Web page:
The Last Hero: An Interview with Brian Marshall
Alter Bridge’s fifth studio album, The Last Hero, is a continuation of the band’s heavy-yet-melodic style. That sound is anchored by the thick bass work of Brian Marshall.
The bassist, along with guitarist Mark Tremonti and drummer Scott “Flip” Philips, was a founding member of Creed before forming Alter Bridge in 2004. Vocalist Myles Kennedy rounds out the group, who spent this past summer on the road touring and playing festivals.
We caught up with Marshall in between tours to get the scoop on The Last Hero, using altered tunings, and his gear.
Do festivals blend in together after you do so many of them?
Yeah. Some are better than others. I think that it gives you a good chance to reach an audience who may or may not have heard you or even heard of you. But your set times are usually short. We’ve been at least main stage, but we typically get 35 to 45 minutes, which is about seven or eight songs. We try to cater to the festival patrons and to the other bands, as well. If a band like Disturbed is headlining then we’ll try to stay in the heavier vibe of Alter Bridge and not really play the ballad stuff.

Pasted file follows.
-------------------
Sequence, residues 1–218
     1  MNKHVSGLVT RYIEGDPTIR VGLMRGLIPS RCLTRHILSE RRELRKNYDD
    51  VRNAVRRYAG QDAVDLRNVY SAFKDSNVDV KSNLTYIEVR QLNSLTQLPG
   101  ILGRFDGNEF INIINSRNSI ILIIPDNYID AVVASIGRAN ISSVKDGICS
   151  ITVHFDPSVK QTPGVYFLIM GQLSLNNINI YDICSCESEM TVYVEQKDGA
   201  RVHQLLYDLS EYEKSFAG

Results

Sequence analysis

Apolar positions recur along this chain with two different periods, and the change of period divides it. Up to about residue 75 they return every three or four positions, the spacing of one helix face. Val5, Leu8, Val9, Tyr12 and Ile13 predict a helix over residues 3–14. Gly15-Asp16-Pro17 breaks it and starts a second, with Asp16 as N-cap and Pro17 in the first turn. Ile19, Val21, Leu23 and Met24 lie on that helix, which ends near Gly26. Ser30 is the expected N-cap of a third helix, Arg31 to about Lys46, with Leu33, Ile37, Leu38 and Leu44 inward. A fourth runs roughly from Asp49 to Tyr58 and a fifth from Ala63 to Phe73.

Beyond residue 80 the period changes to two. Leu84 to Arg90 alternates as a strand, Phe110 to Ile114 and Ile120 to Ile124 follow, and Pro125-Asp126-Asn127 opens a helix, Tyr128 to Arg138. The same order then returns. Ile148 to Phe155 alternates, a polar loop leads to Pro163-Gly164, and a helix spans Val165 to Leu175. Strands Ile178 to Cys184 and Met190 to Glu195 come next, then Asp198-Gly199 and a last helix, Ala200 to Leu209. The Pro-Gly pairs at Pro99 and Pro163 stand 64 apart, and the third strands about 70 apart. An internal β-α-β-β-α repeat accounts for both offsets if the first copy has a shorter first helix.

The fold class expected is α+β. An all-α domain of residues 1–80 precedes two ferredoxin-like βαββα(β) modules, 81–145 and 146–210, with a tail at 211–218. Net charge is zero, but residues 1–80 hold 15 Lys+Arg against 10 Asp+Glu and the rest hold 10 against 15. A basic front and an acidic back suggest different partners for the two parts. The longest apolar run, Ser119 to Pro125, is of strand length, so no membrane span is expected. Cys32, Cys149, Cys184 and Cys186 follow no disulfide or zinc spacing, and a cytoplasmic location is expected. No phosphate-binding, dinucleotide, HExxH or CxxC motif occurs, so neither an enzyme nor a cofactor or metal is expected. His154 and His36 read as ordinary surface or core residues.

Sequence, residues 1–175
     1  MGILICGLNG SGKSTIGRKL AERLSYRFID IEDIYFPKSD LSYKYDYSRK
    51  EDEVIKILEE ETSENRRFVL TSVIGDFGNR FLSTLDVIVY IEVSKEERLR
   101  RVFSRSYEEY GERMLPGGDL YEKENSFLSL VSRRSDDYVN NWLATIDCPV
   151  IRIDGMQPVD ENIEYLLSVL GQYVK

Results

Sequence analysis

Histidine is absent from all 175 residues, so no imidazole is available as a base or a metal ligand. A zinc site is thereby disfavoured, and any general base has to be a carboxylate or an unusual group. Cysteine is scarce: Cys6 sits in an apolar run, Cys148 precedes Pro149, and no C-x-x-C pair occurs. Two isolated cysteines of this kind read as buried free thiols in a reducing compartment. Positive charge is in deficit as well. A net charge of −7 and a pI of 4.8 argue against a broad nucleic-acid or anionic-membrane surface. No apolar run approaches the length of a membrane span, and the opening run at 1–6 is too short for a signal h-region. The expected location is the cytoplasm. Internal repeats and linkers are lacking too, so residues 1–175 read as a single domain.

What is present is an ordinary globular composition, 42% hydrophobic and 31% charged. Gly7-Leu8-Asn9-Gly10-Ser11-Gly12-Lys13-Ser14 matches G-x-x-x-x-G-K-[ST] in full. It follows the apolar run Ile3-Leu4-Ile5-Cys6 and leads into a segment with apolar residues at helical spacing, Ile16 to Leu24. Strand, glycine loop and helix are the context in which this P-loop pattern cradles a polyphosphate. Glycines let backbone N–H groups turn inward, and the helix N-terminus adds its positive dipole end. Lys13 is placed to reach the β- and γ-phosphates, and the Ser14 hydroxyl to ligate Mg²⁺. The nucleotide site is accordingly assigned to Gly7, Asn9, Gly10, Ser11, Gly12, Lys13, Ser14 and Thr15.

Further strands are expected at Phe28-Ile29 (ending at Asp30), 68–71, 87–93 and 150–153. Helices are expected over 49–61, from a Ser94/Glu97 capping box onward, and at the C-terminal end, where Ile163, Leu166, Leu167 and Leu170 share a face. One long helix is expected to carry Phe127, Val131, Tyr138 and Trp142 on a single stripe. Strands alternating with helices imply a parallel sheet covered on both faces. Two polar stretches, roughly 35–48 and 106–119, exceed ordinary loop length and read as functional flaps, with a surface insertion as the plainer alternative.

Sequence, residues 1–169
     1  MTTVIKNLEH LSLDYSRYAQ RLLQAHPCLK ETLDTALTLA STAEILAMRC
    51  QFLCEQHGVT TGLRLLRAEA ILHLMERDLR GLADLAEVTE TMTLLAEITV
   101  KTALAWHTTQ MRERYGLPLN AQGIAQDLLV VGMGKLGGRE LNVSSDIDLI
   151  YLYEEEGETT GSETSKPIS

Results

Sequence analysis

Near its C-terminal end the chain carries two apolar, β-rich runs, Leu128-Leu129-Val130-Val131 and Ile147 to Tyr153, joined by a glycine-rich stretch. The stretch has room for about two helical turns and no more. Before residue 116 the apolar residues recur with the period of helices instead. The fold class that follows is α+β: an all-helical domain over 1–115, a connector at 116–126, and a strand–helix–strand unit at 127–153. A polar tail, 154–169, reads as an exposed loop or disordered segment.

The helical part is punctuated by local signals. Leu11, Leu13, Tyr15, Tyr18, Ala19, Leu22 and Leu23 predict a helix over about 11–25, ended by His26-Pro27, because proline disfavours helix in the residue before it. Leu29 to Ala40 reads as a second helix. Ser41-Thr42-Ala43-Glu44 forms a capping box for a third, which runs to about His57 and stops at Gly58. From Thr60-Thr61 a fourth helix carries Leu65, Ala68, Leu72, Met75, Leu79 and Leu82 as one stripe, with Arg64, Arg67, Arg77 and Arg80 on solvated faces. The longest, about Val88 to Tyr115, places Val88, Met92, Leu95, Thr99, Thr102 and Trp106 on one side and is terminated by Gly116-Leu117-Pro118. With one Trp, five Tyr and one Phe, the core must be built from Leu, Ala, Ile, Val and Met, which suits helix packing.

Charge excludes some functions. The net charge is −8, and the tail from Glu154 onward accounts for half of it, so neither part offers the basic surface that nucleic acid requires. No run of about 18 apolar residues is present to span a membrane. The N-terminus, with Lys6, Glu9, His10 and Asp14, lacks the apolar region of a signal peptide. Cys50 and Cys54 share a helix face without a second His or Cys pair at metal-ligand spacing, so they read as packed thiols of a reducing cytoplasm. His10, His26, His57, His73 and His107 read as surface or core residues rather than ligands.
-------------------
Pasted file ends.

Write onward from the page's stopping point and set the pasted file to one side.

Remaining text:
It’s kind of like camping out there in those festivals. Your facilities are porta potties and trailers for dressing rooms. The catering is usually pretty bad. But you do get to meet a lot of your peers and bands that you don’t get to see every day. It always ends up a cool experience.
What’s the background on The Last Hero?
We had a lot of time off since Fortress. Myles went off and did the Slash record and meanwhile Mark went and did his solo album. Me and Flip did some [work with the band] Projected. We had about 18 months where we weren’t really active so we were anxious to get back in and write.